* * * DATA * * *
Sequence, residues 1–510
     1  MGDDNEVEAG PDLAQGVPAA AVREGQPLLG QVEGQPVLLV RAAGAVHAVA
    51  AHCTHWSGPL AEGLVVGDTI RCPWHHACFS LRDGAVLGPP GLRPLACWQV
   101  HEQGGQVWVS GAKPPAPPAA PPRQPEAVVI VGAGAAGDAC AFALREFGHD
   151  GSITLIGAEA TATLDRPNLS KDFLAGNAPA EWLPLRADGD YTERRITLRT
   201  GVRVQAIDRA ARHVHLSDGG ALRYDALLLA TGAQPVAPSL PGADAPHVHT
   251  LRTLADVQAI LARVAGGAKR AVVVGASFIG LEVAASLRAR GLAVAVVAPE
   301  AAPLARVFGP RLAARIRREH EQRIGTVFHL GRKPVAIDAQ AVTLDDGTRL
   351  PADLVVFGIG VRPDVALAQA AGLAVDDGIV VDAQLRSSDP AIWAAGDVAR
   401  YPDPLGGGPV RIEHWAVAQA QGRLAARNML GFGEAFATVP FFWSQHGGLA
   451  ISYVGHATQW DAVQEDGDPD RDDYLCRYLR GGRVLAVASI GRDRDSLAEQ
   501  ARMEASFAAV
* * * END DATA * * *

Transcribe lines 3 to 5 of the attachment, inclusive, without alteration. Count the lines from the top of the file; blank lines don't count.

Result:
    51  AHCTHWSGPL AEGLVVGDTI RCPWHHACFS LRDGAVLGPP GLRPLACWQV
   101  HEQGGQVWVS GAKPPAPPAA PPRQPEAVVI VGAGAAGDAC AFALREFGHD
   151  GSITLIGAEA TATLDRPNLS KDFLAGNAPA EWLPLRADGD YTERRITLRT